What is another word for habilitate?

160 synonyms found


[ həbˈɪlɪtˌe͡ɪt], [ həbˈɪlɪtˌe‍ɪt], [ h_ə_b_ˈɪ_l_ɪ_t_ˌeɪ_t]

Habilitate is a multi-faceted word that means to prepare or enable someone to do something. It can be tricky to find synonyms for such a complex idea, but some possible options include: - Enable: to give someone the ability or means to do something - Empower: to give someone the authority or power to do something - Prepare: to make someone ready or equipped for a task - Train: to teach and prepare someone for a specific role or skill - Educate: to provide someone with knowledge or skills for a particular purpose - Empower: to give someone the confidence or capability to achieve their objectives - Ready: to prepare someone or something for a desired outcome Overall, these synonyms all capture the idea of habilitating someone, or giving them the tools and resources they need to succeed.

Synonyms for Habilitate:

What are the hypernyms for Habilitate?

A hypernym is a word with a broad meaning that encompasses more specific words called hyponyms.

What are the hyponyms for Habilitate?

Hyponyms are more specific words categorized under a broader term, known as a hypernym.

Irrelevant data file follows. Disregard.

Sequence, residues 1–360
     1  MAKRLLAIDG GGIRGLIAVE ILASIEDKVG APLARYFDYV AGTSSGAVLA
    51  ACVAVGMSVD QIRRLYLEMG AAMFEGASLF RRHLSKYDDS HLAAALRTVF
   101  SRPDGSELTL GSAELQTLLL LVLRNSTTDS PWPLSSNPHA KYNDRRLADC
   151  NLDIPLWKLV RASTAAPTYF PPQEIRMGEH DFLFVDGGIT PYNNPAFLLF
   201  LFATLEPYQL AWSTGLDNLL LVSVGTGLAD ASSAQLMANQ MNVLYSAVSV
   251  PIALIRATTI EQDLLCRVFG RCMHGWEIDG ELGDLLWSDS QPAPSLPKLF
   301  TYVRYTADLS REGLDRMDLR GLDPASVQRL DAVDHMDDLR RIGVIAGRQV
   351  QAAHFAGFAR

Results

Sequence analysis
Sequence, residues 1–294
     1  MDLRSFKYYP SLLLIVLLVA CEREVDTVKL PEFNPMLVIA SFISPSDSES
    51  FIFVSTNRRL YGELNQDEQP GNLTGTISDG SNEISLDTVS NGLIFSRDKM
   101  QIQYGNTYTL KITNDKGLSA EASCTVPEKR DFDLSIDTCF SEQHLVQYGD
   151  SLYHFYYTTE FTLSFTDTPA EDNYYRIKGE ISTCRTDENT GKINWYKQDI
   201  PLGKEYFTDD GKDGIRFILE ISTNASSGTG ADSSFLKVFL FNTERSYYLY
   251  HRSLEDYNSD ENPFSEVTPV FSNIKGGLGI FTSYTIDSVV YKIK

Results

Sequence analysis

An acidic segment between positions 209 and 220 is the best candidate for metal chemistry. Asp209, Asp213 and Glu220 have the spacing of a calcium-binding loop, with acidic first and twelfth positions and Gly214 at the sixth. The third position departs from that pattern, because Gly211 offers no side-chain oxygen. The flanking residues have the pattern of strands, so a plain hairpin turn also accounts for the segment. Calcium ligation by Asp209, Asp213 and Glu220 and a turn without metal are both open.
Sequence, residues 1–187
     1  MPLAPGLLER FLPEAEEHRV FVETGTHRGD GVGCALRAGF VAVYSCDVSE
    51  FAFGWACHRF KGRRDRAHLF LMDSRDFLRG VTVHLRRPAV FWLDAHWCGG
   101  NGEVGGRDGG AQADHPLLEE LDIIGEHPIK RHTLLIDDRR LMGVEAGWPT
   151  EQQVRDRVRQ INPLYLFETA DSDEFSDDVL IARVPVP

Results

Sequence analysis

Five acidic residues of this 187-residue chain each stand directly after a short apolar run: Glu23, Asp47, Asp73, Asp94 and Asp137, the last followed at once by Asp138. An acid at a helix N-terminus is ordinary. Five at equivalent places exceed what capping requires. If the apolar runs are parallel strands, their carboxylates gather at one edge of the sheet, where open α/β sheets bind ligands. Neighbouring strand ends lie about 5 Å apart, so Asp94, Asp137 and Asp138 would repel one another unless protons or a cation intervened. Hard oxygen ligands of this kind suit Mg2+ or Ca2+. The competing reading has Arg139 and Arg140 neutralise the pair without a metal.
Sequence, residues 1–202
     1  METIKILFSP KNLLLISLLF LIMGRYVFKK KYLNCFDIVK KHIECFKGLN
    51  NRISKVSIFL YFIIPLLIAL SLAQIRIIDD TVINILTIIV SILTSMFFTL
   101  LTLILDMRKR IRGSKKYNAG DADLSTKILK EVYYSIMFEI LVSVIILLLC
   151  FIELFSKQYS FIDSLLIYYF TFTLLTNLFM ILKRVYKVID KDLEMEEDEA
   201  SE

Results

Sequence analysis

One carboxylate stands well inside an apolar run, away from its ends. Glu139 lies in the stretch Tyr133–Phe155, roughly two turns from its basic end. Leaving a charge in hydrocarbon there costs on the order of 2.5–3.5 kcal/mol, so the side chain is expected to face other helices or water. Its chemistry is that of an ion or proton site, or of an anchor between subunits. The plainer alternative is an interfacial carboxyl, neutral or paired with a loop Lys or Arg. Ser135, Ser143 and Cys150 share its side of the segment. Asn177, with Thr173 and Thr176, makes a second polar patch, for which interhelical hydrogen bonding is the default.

What are the opposite words for habilitate?

Habilitate, meaning to enable or qualify someone or something for a particular task, has a few antonyms. The first antonym would be disable, which means to cause someone or something to be unable to act or work properly. Another antonym for habilitate would be disqualify, which means to declare someone ineligible for something due to their lack of qualifications or other reasons. In addition, unskill or untrain would also be possible antonyms for habilitate, both of which indicate a lack of training or ability to complete a particular task. Finally, hinder would also work as an antonym for habilitate, meaning to create an obstacle or prevent someone or something from achieving a goal or task.

What are the antonyms for Habilitate?

Usage examples for Habilitate

To habilitate himself as a councillor of the prince, Erasmus wrote the Institutio Principis Christiani, a treatise about the education of a prince, which in accordance with Erasmus's nature and inclination deals rather with moral than with political matters, and is in striking contrast with that other work, written some years earlier, il Principe by Machiavelli.
"Erasmus and the Age of Reformation"
Johan Huizinga

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